Friday, October 5, 2012

Genocide is OK if the True God commands it – but how to know which God is the right one?

Richard Dawkins in recent writings has referred a number of times to a charming fellow named William Lane Craig, also known as "the Genocide Preacher". For those who have not heard of him he has a webpage with the preposterous title of "Reasonable Faith". In a recent Q & A page he explains why it was perfectly reasonable for Yahweh to command the wholesale slaughter of men, women and children so that his chosen people could have their land. His argument is that whatever God commands is necessarily good, so therefore killing people, even innocent children is not only perfectly fine, but morally obligatory if God has said that it must be done. He thinks this is perfectly compatible with his vision of God as being all-loving, compassionate and good. The destruction of the Canaanites was morally justifiable because these people were "wicked" and had come under His divine judgment. Why a compassionate and all-loving God would make such harsh judgments is far from clear but who are we mere mortals to question God?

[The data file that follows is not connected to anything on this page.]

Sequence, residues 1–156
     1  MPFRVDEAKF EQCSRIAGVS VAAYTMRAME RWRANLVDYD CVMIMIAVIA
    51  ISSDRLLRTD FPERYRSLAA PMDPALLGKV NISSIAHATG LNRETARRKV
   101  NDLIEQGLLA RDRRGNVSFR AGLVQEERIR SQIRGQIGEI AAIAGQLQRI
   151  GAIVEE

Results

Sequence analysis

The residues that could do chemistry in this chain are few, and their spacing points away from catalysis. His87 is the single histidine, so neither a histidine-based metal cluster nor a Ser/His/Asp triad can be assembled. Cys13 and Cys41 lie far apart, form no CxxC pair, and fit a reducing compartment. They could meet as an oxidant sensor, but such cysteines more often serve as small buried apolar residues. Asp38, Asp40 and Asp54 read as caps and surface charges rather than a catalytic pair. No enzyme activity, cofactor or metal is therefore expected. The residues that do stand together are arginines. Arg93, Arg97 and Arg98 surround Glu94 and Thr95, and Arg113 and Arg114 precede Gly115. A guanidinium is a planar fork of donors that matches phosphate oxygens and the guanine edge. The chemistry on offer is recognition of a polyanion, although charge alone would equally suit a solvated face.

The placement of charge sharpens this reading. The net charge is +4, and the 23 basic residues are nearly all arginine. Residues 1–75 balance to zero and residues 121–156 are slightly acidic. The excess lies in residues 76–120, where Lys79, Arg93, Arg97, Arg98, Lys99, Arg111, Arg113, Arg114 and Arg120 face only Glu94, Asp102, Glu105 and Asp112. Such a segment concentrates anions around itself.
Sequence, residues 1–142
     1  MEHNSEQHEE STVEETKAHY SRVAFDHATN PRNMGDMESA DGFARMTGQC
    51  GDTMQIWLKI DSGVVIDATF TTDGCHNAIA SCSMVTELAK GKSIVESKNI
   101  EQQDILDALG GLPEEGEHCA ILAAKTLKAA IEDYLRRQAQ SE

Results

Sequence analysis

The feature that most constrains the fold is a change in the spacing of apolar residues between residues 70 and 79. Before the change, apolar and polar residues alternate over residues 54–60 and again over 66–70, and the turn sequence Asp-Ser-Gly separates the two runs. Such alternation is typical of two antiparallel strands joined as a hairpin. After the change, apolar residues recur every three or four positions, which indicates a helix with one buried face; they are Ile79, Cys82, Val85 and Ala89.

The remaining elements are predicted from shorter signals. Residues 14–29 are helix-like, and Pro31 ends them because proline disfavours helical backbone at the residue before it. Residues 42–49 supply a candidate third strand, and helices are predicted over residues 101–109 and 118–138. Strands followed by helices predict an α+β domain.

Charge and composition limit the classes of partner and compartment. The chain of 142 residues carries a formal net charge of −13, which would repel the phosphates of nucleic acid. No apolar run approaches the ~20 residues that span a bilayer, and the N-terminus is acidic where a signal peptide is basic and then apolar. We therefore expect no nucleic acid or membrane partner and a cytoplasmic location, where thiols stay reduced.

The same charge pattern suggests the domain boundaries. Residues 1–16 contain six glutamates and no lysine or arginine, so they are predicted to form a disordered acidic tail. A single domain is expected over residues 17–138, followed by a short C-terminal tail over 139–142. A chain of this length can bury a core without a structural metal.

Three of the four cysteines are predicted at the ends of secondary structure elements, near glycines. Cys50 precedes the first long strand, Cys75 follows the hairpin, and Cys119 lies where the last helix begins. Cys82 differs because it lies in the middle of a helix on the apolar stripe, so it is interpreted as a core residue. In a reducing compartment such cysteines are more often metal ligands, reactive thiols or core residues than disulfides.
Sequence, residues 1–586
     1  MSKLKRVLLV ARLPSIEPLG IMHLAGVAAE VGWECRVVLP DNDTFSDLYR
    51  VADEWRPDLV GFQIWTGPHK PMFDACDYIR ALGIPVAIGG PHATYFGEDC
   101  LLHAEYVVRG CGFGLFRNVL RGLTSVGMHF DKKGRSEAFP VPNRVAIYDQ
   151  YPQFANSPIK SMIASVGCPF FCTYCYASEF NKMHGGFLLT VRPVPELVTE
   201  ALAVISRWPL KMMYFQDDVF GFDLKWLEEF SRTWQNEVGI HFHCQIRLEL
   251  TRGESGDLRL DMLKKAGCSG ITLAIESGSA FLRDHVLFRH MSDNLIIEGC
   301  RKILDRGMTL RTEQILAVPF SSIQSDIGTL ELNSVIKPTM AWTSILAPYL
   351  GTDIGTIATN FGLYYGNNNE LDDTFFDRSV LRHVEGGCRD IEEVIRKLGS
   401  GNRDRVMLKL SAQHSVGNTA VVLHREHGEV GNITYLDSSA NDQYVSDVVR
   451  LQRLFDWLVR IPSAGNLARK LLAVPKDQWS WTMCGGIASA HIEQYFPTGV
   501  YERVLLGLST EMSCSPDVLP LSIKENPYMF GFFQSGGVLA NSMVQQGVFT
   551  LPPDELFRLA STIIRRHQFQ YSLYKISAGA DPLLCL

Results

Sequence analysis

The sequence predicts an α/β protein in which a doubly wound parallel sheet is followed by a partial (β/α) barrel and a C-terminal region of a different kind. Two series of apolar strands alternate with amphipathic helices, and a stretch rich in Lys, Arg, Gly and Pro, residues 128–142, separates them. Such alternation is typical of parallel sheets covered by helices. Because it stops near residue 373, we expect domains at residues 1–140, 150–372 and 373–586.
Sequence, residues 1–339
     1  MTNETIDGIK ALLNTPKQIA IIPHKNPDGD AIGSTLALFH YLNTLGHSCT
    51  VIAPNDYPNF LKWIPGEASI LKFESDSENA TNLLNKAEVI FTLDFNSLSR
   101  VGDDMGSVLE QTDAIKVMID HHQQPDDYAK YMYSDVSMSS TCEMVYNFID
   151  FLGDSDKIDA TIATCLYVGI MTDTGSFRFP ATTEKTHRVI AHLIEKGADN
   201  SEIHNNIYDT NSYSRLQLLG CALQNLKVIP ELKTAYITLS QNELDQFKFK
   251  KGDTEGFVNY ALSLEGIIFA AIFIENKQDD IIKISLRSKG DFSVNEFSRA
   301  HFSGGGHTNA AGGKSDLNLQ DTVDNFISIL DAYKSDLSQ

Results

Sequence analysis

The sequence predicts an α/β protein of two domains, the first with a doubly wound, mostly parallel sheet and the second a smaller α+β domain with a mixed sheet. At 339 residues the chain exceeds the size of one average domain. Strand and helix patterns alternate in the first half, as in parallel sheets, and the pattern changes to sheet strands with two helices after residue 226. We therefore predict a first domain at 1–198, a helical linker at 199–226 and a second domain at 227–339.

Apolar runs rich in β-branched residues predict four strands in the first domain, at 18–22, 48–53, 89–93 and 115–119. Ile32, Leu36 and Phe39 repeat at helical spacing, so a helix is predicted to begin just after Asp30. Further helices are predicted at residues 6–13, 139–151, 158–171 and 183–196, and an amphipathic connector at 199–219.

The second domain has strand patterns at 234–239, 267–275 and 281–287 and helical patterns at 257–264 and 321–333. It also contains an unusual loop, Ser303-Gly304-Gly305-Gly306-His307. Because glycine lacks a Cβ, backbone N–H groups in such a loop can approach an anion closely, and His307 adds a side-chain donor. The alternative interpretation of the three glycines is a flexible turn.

So the adults were "wicked" enough to merit Yahweh's judgment, but what about the children? Is not killing children including babies,just because their parents are wicked  a bit  harsh, even for Yahweh?
Yahweh on wheels (Image source: The New Oxonian)

Craig explains why this is not actually morally wrong:

(Click on the image to enlarge.)

Well there we have it. Children who are put to death go to a place that is ten times better than any life they could have on Earth, so the Israelites were actually doing them a favour! Craig claims that they are actually "happy" to quit this life - so their apparent screams of terror are really cries of joy! 

Maybe I'm just a killjoy but personally I think this is an indictment of the whole idea of life after death as being "better" than life in this world. I have read historical accounts of early Christian martyrs who not only welcomed  death, but actually provoked people into killing them because they were assured that they would experience the eternal bliss of paradise. At least they didn't go around killing children. Apologists for religion sometimes try to argue that without religion, people have no reason to be moral and therefore atheism opens the way to an "anything goes" principle where any atrocity is permitted. But this argument is easily turned on its head because as we have just seen, "anything goes", including infanticide and genocide, as long as God has commanded it. And after all, if there is a better world awaiting the martyrs, life in this world has little value by comparison. 

Craig does set some moral boundaries though. Let's examine his argument why killing people in the name of Allah for example is not morally defensible:

(Click on the image to enlarge.)